The Neo-juju

The Neo-juju

“Ya Allah na ba ka zuciya naaa… Ya Allah na ba ka rayuwa naaa…” Jeremiah Gyang’s sweet song sailed from her father’s small radio into her soul.

Zainab sat, as she did most mornings, frying the groundnuts she would sell. She was only nine but she swore she would escape the poverty in this village. Few years later, her parents sent her from rural Zamfara to live with their kinsman in urban Lagos.

Uncle Hassan had wanted her to concentrate on hawking Agege-bread. But she managed to finish secondary school, especially by fulfilling his paedophiliac sexual fantasies. Afterwards, her family wanted her to marry and settle down in the neighbouring village. Zainab rebelled. She still had dreams; dreams of being a graduate, dreams of being empowered.

“I’ll spread my wings and I’ll learn how to fly. I’ll do what it takes till I touch the sky… Take a chance. Make a change. And breakawaaay…” Kelly Clarkson’s lyrics stirred her spirit.

And so she ran away from home to the off-campus house of an old girl. This notorious girl was now an undergraduate of Unilag. Zainab joined her in part-time prostitution. On one of their many “Abuja runs”, she was introduced to Sayid Qasir, a foreigner connected to an Arab royal family. He fell in love with her. Yes, he hated her dirty job. Yet he understood her motivation. He knew he had the power to turn her life in a new direction.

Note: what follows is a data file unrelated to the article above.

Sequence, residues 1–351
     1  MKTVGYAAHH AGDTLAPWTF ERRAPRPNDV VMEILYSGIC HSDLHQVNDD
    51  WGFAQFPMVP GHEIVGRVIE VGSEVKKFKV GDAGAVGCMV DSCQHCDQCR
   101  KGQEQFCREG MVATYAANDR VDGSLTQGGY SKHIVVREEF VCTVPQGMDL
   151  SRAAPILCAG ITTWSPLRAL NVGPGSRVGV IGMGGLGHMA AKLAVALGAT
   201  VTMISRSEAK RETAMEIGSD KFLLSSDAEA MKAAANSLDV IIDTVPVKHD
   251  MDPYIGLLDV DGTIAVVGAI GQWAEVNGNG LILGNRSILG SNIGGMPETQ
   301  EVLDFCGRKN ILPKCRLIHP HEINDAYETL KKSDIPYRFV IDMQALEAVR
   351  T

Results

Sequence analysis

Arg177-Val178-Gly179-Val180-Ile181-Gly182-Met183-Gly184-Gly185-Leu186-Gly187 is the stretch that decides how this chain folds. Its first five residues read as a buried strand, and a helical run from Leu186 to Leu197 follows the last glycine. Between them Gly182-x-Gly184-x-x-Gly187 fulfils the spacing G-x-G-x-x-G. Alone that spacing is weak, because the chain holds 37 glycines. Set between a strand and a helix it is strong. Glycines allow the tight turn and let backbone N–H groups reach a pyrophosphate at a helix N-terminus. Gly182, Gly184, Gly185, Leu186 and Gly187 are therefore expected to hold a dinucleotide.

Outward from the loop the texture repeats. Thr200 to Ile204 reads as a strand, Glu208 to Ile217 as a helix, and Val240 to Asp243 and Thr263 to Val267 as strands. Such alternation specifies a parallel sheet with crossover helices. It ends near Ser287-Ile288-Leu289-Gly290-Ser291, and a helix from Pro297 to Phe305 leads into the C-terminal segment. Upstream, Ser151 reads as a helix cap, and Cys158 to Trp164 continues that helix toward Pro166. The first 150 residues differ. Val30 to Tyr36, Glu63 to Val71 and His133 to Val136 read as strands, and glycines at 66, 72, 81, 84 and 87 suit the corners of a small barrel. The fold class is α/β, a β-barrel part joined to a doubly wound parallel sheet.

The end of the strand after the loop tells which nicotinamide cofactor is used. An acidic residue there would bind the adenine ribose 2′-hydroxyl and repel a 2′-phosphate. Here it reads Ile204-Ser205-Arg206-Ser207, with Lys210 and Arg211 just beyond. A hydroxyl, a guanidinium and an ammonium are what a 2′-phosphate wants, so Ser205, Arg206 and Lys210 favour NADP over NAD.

“Oruka ti d’owo na. Di ololufe re mu. K’o s’eni to le ya yin titi lai… Titi lai lai lai…” Sunny Neji performed at their traditional wedding in her village a few months later. Zainab couldn’t stop the tears of joy flowing down her cheeks.

Soon after, she relocated to Saudi Arabia with her bridegroom. They had an adorable boy and visited Nigeria every year. Eighteen long years later, Zainab held a doctorate from King Saud University while excelling in her business ventures. Her parents had long died, her beloved husband too, but her childhood passion for more power resurrected. Returning home, Zainab joined the ruling party. Supporting it with her enormous wealth and circulating amongst the state’s crème de la crème. She was indeed a natural politician. In fact, her male counterparts were intimidated by Zainab’s rising profile in Zamfara, all within seven years. Everyone now called her “Mama Mecca”. And none was surprised when she declared interest in the gubernatorial race.